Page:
Ah, Portland, Oregon. The climate is mild, the streets are clean and the marijuana is legal. All of these factors and more make the “Rose City” a popular relocation destination. In recent years, Portland has welcomed about 41,000 people per year. The burgeoning metro area now has around 2.5 million people.
However, it’s not all picturesque bridges and green spaces. Here are a few things to consider before you decide to relocate to Portland.
With just a 3% vacancy rate on rental properties, rent prices have risen 63% in the last ten years and incomes have not kept up, rising by just 39%. If you’re looking to buy a home, the picture is not much better. Inventory is low and prices rose nearly 20% from April 2015 to April 2016.
That said, if you’re moving from a more expensive market like Los Angeles or San Francisco, housing prices will seem like a bargain to you. A medium-sized house in a good area, like the Sellwood neighborhood in Southeast Portland, will run you about $500,000.
Gentrification and lack of diversity
Portland is one of the whitest major cities in the United States. If you’re looking to move to a melting pot, Portland is not going to impress you. Adding to the issue is gentrification, where historically diverse neighborhoods are being “renewed,” thus pushing up housing prices and pushing out long-term residents.
However, there is some awareness about this issue. Portland politics are some of the most liberal in the country. Many people are aware that the lack of diversity is a problem and are vocal in trying to encourage policies that increase diversity and eliminate discrimination.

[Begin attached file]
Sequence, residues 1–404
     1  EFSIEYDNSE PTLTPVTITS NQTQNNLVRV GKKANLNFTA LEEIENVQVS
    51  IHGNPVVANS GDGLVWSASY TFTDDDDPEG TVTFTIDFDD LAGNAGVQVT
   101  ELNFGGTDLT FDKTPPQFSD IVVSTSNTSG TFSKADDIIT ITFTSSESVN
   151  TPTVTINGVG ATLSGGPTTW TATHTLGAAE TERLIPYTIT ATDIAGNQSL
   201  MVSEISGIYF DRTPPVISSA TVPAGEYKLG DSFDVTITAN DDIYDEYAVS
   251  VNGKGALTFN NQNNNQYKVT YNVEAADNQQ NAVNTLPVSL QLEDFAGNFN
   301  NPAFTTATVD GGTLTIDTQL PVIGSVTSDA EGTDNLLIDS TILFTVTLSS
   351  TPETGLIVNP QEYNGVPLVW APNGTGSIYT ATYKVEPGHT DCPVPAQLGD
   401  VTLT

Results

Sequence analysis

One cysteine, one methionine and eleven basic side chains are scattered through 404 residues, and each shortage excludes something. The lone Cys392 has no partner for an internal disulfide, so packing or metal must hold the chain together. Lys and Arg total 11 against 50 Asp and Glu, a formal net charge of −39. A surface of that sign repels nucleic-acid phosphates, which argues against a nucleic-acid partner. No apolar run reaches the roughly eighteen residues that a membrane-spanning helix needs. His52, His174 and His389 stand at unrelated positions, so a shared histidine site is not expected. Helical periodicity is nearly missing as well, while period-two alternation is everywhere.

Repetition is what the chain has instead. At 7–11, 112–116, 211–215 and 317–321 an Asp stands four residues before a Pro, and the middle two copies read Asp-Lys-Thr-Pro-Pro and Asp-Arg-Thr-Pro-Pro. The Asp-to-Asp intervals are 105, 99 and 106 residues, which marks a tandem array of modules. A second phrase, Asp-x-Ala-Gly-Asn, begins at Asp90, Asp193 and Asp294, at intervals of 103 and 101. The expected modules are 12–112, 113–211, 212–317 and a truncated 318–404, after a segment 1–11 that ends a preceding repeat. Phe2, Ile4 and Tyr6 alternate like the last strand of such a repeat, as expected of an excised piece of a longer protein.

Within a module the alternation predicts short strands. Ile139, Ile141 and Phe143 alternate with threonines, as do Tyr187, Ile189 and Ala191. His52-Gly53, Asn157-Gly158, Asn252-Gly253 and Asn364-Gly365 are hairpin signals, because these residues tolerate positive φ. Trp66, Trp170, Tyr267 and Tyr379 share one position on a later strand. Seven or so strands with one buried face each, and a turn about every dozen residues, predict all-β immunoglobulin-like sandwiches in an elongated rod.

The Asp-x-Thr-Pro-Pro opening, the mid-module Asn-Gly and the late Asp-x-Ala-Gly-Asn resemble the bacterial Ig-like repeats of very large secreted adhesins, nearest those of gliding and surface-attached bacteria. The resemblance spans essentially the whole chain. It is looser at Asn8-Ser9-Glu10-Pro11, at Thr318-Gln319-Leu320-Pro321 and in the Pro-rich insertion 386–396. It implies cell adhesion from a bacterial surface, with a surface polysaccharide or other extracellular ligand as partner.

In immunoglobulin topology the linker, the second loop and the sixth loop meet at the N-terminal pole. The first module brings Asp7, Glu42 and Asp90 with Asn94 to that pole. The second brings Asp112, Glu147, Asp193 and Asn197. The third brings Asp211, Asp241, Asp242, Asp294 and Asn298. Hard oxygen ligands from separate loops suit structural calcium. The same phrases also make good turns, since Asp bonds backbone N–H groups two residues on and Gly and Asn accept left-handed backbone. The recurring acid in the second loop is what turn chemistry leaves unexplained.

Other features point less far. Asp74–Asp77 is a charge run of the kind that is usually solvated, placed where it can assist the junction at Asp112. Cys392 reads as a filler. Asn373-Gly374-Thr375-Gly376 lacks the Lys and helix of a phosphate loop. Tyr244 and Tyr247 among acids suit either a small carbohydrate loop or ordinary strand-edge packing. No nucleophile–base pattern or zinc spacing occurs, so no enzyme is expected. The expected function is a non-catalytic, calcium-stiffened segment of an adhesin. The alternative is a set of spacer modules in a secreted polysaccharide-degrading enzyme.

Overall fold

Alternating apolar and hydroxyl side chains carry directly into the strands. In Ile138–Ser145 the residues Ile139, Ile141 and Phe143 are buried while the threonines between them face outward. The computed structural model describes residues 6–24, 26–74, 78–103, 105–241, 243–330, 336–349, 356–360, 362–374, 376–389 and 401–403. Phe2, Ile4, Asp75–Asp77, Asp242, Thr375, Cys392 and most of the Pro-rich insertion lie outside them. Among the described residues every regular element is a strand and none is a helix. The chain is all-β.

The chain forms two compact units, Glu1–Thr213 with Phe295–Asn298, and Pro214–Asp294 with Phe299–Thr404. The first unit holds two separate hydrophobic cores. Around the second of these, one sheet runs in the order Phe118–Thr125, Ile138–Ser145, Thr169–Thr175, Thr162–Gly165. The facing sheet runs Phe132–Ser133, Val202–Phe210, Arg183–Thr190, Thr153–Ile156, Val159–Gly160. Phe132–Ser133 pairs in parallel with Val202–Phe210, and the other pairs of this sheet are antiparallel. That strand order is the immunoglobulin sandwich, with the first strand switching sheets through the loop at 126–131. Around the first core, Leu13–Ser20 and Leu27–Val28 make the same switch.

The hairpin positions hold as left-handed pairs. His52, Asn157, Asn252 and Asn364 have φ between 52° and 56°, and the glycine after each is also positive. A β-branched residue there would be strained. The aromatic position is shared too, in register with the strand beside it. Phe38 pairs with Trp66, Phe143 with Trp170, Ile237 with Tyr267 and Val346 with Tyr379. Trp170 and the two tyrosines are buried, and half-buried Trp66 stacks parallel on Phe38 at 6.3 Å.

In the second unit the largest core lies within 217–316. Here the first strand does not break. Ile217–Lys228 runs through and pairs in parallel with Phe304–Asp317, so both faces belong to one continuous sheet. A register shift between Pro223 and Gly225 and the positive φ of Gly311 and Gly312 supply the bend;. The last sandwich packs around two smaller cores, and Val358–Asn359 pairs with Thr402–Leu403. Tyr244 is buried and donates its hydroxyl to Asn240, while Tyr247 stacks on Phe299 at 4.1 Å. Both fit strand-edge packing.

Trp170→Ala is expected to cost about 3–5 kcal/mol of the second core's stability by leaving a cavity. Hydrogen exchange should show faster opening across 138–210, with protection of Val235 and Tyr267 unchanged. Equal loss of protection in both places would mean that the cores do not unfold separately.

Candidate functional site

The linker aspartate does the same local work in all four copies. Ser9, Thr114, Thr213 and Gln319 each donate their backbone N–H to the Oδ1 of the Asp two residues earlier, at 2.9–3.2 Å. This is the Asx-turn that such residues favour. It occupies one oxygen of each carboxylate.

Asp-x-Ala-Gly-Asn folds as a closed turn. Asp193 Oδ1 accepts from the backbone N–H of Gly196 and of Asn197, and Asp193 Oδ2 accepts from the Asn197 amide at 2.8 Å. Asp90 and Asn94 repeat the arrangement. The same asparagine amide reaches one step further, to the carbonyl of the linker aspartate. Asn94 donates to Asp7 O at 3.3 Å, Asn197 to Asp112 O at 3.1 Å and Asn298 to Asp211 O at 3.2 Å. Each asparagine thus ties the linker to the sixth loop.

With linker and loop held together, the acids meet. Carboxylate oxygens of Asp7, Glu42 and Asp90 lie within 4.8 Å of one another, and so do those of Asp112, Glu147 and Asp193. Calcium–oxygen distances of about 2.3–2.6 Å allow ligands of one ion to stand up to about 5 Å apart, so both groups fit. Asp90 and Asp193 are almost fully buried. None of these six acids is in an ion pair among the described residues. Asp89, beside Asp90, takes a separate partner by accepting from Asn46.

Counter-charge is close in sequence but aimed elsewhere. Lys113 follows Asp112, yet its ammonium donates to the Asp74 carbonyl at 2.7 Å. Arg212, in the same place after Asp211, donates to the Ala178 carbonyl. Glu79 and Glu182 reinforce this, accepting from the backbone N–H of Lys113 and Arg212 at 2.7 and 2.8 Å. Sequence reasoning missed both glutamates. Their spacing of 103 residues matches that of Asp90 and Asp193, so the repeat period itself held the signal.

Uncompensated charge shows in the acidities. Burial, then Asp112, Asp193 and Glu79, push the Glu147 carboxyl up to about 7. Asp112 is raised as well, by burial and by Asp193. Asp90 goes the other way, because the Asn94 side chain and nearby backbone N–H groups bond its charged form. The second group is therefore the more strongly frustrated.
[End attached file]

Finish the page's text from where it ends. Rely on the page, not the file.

Portlanders have been a bit spoiled when it comes to traffic; commute times have always reasonable by big city standards. Until the last few years, that is. Sadly, Portland now comes in 9th on the list of TomTom’s list of the most congested American cities.
The flip side to this is Portland’s amazing public transportation infrastructure and bike culture. It feels pretty terrific to sit on the MAX train and speed by creeping traffic or don your bike helmet to avoid gridlock on one of many dedicated bike and pedestrian trails.
Yup. It rains in Portland. That’s not a myth. You’ll be facing seriously gray skies from approximately October through May. Sometimes June. If you’re the kind of person who needs sunshine to maintain your mental health, cross Portland off your list.
But, if you’re not daunted by a bit of rain, get yourself a gigantic bottle of vitamin D and a full spectrum lamp and you’ll probably do just fine.
The big one
As you may have heard, there’s a big old earthquake due any minute. Portland is nestled in the Pacific Northwest, which is between the Cascade mountain range and the Cascadia subduction zone, a fault line that runs for 700 miles off the Pacific coast from Northern California all the way up to British Columbia, Canada. The chance of a big quake in the next 50 years is roughly one in three.
Of course, every place on earth has some risk, be it tornado, blizzard, hurricane, what-have-you. Scientists and the media have done a great job of delivering a big fat wake up call. Folks in Portland are getting their act together when it comes to emergency preparedness, at both a community and personal level. Plan on joining the effort if you decide Portland is still the place you want to hang your hat.